DSM: COLTS on Assessment Methodology.


Arie Dirkzwager (aried@xs4all.nl)
Wed, 21 Oct 1998 12:11:38 +0000


Dear colleguas.
        This is an invitation to participate in an experience regarding a
COLTS (Cooperative Learning and Teaching System) I plan to manage in the
form of an e-mail discussion. As an important side effect I'll collect exact
data on this experience and report on them eventually to evaluate this
"COLTS" experimentally. The topic taught and studied will be "Assessment
Methodology" as assessment is the backbone of a COLTS as I see it.
        In a COLTS every participant is sometimes a "teacher" giving
explanations in short statements and sometimes a "student" asking critical
questions, also in the format of short statements figuring as "hypotheses".
A "lesson" is a collection of such statements with the assignment to judge
for each statement its truth-value expressed as the (personal) probability
that it is true according to the following directions:
Instruction:
        For each given statement think up as many arguments pro and contra that
statement and then give your judgement about each of the twenty statements
as an estimate of its p(true) according to your knowledge about what they
are about, of course when you think a statement is most likely false your
reported p(true) should be less than .50.

        If you are interested to participate in this experience please read
on. Underneath is the first "lesson" and when you reply to it you'll get the
second and following ones everytime you do the "assignment". It will take
you very little time so please participate so I'll get a lot of data to
evaluate this system.

Arie Dirkzwager.

Lesson 1.

        (1) The main goal of assessment is to predict and may be influence future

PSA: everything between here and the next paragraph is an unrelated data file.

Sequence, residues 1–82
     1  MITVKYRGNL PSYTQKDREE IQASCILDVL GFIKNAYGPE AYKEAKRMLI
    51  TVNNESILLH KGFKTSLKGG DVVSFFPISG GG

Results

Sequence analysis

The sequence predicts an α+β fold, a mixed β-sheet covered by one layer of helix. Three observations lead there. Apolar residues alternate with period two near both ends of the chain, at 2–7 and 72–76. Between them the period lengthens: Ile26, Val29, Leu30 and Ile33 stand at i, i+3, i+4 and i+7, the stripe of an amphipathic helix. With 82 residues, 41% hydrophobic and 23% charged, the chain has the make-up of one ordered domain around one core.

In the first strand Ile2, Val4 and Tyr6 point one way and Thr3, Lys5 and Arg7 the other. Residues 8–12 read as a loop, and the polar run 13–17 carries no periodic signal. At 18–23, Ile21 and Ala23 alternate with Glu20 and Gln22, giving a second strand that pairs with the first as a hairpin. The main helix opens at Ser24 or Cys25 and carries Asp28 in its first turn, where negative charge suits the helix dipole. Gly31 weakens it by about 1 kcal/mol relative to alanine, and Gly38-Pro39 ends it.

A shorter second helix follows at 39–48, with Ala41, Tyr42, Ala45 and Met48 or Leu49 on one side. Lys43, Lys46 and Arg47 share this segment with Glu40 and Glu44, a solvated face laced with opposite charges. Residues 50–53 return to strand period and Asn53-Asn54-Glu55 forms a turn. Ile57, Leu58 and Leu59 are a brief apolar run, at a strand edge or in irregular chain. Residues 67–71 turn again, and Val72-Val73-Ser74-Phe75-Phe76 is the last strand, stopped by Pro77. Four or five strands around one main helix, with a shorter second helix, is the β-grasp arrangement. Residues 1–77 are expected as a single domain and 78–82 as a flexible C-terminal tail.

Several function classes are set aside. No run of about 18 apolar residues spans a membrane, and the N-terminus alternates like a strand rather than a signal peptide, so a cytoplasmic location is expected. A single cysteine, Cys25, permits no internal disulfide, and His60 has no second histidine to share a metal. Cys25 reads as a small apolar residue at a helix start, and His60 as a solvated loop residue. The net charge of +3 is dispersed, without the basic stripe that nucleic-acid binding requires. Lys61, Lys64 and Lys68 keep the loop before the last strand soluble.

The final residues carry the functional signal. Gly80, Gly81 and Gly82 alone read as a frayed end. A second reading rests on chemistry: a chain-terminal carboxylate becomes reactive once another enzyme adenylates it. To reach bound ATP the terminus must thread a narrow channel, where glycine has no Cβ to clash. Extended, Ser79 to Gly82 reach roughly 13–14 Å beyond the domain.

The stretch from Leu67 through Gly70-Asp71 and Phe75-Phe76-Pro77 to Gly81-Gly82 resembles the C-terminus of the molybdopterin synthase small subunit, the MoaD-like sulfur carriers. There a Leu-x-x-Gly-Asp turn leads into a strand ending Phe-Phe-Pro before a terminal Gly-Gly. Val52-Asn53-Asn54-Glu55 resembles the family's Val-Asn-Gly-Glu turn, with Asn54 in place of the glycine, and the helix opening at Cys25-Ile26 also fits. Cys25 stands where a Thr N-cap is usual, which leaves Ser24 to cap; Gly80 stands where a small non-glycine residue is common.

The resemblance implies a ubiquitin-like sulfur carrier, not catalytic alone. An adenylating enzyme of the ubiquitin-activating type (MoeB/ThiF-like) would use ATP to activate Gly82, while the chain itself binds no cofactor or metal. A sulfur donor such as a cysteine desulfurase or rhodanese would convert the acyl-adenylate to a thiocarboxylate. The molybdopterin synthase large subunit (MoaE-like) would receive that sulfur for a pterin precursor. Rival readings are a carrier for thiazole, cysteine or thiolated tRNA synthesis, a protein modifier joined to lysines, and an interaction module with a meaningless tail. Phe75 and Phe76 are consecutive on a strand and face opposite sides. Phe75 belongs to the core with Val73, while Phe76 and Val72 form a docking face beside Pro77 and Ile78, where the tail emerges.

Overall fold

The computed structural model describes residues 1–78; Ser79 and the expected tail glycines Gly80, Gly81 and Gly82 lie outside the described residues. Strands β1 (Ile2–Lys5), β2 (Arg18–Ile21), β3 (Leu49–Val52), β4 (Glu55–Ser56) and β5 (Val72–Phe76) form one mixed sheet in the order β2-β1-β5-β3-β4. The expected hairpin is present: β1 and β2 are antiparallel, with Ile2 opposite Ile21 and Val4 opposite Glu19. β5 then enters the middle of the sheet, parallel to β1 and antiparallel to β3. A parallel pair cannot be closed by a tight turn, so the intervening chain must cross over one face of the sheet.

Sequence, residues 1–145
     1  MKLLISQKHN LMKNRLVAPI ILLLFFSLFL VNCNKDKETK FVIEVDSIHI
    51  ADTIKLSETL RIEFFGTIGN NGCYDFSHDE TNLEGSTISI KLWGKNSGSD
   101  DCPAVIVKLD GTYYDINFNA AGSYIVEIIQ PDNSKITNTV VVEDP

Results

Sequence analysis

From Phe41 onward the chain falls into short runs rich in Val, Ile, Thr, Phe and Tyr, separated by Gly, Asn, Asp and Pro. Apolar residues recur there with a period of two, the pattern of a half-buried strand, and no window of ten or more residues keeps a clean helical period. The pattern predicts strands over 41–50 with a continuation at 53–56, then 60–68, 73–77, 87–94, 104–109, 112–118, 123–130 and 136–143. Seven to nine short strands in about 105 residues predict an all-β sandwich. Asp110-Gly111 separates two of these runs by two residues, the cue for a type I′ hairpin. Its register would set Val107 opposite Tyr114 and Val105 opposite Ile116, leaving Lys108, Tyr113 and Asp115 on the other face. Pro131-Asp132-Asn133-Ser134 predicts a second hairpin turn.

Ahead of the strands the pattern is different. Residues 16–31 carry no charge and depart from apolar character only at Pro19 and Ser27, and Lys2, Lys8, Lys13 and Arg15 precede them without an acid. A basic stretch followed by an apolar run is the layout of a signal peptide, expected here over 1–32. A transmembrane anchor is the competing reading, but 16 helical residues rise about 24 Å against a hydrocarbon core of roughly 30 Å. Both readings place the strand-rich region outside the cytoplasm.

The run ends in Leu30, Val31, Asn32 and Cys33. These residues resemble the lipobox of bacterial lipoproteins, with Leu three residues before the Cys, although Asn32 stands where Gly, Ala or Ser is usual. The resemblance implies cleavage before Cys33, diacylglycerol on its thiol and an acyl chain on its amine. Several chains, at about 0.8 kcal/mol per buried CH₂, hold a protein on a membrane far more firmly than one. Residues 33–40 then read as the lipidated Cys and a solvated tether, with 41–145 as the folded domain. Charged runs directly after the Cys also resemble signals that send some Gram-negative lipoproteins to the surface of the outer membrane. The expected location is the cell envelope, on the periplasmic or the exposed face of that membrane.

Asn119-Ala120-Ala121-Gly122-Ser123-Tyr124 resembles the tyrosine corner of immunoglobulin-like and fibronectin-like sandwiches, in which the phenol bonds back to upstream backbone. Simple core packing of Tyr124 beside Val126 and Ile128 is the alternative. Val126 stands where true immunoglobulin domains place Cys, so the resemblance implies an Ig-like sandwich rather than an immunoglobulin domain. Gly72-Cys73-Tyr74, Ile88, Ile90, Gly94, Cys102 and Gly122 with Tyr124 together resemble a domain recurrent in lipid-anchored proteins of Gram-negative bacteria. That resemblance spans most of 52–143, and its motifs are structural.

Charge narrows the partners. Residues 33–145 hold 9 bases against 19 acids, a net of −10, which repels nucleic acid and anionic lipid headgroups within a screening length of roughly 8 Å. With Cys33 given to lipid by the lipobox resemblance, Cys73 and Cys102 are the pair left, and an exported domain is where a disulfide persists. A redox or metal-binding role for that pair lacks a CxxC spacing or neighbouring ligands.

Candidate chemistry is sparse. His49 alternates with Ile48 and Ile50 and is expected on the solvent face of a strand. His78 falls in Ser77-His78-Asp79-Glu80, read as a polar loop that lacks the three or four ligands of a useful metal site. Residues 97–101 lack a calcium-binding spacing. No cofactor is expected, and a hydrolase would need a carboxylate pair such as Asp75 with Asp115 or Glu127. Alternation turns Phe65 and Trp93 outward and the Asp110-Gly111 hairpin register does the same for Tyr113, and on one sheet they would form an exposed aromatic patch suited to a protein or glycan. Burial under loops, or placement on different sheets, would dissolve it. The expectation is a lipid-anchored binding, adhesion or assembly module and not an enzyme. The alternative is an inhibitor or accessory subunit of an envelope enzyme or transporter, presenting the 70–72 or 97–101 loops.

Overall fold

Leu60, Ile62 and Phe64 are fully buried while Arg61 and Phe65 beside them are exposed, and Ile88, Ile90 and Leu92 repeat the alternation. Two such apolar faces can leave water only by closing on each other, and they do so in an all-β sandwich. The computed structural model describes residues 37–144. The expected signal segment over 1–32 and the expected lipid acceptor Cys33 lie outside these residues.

behavior of people.
        p(true)= %
        (2) The main goal of assessment is to see if certain specified goals
are attained.
        p(true)= %
        (3) The main goal of assessment is to provide a solid (scientific?)
basis for decision making and management.
        p(true)= %
        (4) To think is an important human behavior, it shows in all
physical behavior (speaking, writing, acting) and the products of that
behavior (answers to questions and assignments, performances on a specified
task) are the basic information for assessment.
        p(true)= %
        (5) The information needed to assess is to be found in past and present
behavior of people.
        p(true)= %
        (6) Assessment methodology is about methods to elicite and evaluate the
information about or from people which best predicts their future behavior
and its effects on themselves and on their environment.
        p(true)= %
        (7) Any assessment results in an evaluation that can be expressed as a
grade (A, B, C, D, or E), or as a (real) number, the larger this number the
better the performance.
        p(true)= %
        (8) Grades can be assigned the numbers 5, ,4, 3, 2, and 1 on an ordered
scale, adding or multiplying them (e.g. to compute average grades) generally
has no meaning. With real numbers those operations might have meaning,
depending on what they stand for.
        p(true)= %